Two very prominent political examples of Hanson’s views have been expressed in the past few days: first, by John McCain, who specifically condemned “nationalism” and the view that the American nation was founded on the basis of “blood and soil”; then, in a speech just given this morning and aimed specifically at President Trump, former President George W. Bush said practically the same thing, condemning “blood and soil” as basis for the original American republic—indeed, it was almost as if McCain and Bush had the same NeverTrump speechwriter. Again, both men strongly endorsed the Neoconservative myth of a “propositional nation,” based, according to Bush, on the “idea of human dignity” and “equality for everyone,” values that must be shared (=imposed) everywhere in the world. Bush, as well, implicitly endorsed an “open door” immigration policy.

In other words, George W. is the historically ignorant fool we always suspected him of being, and apparently relies on the tendentious intellectual pablum that his speechwriter(s) spoon out….

First, my published response to Hanson, followed by something I published about the Bushes a little over three years ago. While a bit dated, most of what I wrote then continues to be true today.

Dr. Boyd D. Cathey

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Demonizing the South to Purify the Nation



By Boyd Cathey  Oct 19, 2017

Victor Davis Hanson is one of the most lauded and applauded historians of the “conservative establishment.” Honored by President George W. Bush, a regular writer for National Review, spoken of in hushed and admiring tones by pundits like Rush Limbaugh and Sean Hannity, Hanson is rightly regarded as a fine classicist and military historian, especially of ancient warfare. But like other authors who tend to cluster in the Neoconservative orbit, Hanson strays far afield into modern history, American studies, and into current politics—fields where his fealty to a Neocon narrative overwhelms his historical expertise.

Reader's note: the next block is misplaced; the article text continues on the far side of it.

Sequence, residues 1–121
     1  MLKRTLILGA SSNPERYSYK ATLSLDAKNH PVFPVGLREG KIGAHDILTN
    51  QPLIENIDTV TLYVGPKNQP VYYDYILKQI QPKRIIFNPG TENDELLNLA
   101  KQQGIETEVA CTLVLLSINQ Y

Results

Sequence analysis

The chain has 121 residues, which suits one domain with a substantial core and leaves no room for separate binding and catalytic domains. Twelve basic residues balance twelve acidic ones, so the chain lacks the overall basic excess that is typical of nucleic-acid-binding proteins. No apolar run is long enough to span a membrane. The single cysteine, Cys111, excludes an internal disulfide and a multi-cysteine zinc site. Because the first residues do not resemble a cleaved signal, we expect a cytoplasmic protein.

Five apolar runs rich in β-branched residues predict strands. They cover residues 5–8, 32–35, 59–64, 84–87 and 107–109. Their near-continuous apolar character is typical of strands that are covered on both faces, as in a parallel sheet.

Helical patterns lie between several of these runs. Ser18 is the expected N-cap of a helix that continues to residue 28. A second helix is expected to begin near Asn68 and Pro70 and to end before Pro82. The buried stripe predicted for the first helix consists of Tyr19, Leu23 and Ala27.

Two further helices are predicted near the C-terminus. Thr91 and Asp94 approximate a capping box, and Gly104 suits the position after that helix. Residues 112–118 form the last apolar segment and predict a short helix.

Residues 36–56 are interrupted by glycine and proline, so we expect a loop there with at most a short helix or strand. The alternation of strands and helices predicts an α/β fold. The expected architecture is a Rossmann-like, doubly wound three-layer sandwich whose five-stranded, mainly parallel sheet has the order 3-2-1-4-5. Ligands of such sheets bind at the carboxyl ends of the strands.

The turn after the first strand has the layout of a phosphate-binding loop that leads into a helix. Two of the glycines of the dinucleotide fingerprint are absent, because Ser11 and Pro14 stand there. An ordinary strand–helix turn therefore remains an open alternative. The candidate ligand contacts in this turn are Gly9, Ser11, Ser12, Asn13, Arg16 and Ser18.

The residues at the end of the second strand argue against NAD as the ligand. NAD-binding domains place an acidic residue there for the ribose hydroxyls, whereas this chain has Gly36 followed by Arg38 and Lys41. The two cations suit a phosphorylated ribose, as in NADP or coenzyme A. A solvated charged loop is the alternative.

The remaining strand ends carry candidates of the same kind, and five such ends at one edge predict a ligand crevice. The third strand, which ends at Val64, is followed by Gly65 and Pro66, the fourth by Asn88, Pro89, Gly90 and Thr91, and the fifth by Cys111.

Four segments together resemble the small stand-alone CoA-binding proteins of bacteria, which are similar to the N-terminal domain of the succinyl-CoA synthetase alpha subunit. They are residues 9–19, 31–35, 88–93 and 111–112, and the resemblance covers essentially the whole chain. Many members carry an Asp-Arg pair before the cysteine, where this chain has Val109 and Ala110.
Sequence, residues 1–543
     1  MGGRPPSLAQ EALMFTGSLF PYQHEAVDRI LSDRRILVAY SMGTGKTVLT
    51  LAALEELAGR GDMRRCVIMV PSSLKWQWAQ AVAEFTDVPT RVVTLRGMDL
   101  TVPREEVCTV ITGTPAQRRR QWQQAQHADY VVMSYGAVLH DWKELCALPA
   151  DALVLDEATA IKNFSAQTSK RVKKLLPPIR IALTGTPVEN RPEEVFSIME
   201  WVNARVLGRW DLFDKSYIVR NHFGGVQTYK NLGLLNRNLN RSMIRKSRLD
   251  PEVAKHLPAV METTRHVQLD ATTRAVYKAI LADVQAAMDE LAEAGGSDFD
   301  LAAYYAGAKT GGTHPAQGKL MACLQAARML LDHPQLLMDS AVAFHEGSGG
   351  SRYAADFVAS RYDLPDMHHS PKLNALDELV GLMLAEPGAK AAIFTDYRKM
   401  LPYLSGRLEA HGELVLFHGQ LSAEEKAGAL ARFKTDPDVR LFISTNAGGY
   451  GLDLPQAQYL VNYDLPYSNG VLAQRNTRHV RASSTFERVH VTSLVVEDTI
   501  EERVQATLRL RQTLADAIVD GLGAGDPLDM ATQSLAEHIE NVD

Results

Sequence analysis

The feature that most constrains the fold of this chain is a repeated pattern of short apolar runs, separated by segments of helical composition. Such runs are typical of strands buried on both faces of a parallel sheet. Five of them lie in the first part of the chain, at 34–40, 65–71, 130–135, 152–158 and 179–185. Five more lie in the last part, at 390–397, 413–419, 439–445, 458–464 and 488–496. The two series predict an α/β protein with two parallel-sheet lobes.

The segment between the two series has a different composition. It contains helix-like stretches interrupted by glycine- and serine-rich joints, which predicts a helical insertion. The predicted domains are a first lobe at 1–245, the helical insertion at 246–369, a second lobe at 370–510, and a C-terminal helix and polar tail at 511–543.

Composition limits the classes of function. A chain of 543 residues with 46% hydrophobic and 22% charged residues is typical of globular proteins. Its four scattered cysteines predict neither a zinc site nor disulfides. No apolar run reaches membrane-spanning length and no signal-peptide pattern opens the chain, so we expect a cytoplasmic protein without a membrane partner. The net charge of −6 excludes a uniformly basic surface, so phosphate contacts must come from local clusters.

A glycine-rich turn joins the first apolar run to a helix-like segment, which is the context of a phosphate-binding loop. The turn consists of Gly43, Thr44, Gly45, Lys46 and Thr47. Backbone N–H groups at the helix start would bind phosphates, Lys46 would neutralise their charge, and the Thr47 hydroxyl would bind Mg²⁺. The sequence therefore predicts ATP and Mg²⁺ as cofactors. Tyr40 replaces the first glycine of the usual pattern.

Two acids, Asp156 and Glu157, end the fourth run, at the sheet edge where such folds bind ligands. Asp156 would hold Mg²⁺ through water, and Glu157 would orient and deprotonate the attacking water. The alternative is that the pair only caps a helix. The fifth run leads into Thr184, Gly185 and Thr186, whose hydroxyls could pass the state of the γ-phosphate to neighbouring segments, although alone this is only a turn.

And like other well-regarded writers of the Neocon persuasion—the far less scholarly Jonah Goldberg (in his superficial and wrongheaded volume, Liberal Fascism: The Secret History of the American Left, from Mussolini to the Politics of Meaning) and Dinesh D’Souza (in his historical mish-mash, The Big Lie: Exposing the Nazi Roots of the American Left)—Hanson when he writes of contemporary politics or modern American history, writes with an agenda. But, unlike them, his arguments are usually more firmly based and less fantastical.

Like Goldberg and D’Souza and other putative Neocon historians, Hanson is at pains to create a “usable past,” to construct a history and tradition that buttresses and supports current Neocon ideology. Thus, he strains to defend the concept of an American nation conceived in and based on an idea, the idea of equality and “equal rights.” And because of that, like D’Souza and Goldberg, he must read back into American history an arbitrary template to demonstrate that premise.

It follows that, as for other Neocons, the Declaration of Independence becomes a critical and underlying document for this historical approach. The words—“We hold these truths to be self-evident, that all men are created equal, that they are endowed by their Creator with certain inalienable rights”—become irreplaceably essential. Avoiding the contextual meaning of the phrase and the meaning clearly intended by the Founders, which was aimed specifically at the British parliament and the demand for an “equal”—just—consideration for the colonists from across the pond, the Neocons turn a very practical bill of grievances into a call for 18th century Rationalist egalitarianism, which it was not. As the late Mel Bradford and more recently, Barry Alan Shain, have convincingly demonstrated, such attempts to read current ideology back into the Founding, runs aground on factual analysis.